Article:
According to CNN, Purdue Pharma, the maker of OxyContin, has agreed to plead guilty to three federal criminal charges for its role in creating the nation’s opioid crisis and will pay more than $8 billion and close down the company.
The money will go to opioid treatment and abatement programs. The privately held company has agreed to pay a $3.5 billion fine as well as forfeit an additional $2 billion in past profits, in addition to the $2.8 billion it agreed to pay in civil liability.
“Purdue Pharma actively thwarted the United States’ efforts to ensure compliance and prevent diversion,” said Drug Enforcement Administration Assistant Administrator Tim McDermott. “The devastating ripple effect of Purdue’s actions left lives lost and others addicted.”
The company doesn’t have $8 billion in cash available to pay the fines. So Purdue will be dissolved as part of the settlement, and its assets will be used to create a new “public benefit company” controlled by a trust or similar entity designed for the benefit of the American public. The Justice Department said it will function entirely in the public interest rather than to maximize profits. Its future earnings will go to paying the fines and penalties, which in turn will be used to combat the opioid crisis.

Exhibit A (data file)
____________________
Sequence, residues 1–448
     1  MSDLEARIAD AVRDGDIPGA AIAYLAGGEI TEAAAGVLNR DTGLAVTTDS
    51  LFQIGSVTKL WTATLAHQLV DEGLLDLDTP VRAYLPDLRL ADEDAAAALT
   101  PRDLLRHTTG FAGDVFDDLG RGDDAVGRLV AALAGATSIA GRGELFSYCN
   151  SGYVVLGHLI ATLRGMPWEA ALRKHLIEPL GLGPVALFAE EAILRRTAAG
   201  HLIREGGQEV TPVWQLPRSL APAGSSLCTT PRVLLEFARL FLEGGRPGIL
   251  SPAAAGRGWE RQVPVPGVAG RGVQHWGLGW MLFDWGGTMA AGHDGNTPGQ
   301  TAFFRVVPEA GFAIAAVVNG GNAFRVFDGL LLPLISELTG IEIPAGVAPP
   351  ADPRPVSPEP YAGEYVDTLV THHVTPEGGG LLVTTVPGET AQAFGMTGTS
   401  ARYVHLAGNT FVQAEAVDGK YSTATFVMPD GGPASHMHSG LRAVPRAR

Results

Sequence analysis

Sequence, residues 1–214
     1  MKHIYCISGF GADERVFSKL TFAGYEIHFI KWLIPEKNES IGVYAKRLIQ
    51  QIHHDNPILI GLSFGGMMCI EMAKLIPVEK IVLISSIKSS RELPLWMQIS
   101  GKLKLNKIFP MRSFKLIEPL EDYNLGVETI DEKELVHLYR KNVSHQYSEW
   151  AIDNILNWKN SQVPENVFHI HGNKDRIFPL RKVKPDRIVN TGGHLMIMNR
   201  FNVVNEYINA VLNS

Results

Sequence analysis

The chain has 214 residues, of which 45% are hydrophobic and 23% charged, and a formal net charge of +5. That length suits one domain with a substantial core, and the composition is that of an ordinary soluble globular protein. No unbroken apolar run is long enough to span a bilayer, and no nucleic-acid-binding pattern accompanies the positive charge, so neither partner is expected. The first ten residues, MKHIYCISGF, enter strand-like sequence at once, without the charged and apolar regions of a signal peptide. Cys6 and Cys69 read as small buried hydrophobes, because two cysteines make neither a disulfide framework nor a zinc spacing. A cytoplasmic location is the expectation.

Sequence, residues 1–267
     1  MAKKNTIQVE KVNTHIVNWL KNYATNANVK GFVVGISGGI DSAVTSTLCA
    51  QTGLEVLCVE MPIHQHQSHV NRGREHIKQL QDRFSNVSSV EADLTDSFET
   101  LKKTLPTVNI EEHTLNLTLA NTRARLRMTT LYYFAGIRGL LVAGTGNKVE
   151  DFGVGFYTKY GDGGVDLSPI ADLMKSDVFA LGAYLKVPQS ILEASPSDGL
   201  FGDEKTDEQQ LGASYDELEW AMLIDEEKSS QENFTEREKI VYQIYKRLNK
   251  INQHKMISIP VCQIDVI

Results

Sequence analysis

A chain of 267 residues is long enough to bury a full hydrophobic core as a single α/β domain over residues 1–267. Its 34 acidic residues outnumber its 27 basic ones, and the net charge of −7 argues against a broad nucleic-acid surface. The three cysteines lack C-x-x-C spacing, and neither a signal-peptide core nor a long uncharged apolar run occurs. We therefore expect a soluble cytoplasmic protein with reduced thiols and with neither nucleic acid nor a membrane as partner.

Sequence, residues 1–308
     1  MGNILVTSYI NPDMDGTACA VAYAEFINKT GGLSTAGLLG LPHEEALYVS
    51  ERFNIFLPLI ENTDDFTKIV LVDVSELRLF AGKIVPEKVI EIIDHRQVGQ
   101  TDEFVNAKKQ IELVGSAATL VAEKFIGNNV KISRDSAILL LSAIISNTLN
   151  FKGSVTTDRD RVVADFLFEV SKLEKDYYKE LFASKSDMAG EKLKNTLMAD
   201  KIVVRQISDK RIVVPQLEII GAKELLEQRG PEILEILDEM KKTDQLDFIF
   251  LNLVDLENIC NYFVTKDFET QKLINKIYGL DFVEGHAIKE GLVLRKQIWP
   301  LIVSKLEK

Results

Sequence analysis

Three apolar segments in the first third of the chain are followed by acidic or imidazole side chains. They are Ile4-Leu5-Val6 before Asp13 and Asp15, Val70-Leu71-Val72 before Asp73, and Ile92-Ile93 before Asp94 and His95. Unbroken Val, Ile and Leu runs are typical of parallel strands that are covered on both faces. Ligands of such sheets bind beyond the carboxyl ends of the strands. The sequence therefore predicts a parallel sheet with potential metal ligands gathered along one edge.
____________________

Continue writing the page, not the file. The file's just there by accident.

That new company will continue to produce painkillers such as OxyContin, as well as drugs to deal with opioid overdose. Deputy Attorney General Jeffrey Rosen, who announced the settlement, defended the plans for the new company to continue to sell that drug, saying there are legitimate uses for painkillers such as OxyContin.
The plan is for the company to make life-saving overdose rescue drugs and medically assisted treatment medications available at steep discounts to communities dealing with the opioid crisis.
The Justice Department also reached a separate $225 million civil settlement with the former owners of Purdue Pharma, the Sackler family. Still, the Sackler family — as well as other current and former employees and owners of the the company — face the possibility that federal criminal charges will be filed against them.
“Purdue deeply regrets and accepts responsibility for the misconduct detailed by the Department of Justice,” said Purdue Chairman Steve Miller, who joined Purdue’s board in July 2018. “Purdue today is a very different company. We have made significant changes to our leadership, operations, governance, and oversight.”